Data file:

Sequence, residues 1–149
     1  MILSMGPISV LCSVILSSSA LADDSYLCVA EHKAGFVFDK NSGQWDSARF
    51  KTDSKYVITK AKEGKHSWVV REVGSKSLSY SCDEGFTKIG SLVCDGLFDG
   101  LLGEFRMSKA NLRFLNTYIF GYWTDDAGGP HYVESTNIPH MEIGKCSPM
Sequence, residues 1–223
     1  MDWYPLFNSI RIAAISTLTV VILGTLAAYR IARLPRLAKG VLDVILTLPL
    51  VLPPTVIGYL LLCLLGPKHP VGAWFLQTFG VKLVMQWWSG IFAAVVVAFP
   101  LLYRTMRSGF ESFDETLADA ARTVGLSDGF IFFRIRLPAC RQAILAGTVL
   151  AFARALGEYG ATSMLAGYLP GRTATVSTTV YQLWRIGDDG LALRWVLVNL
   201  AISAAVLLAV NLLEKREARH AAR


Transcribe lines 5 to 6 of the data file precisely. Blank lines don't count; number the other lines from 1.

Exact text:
Sequence, residues 1–223
     1  MDWYPLFNSI RIAAISTLTV VILGTLAAYR IARLPRLAKG VLDVILTLPL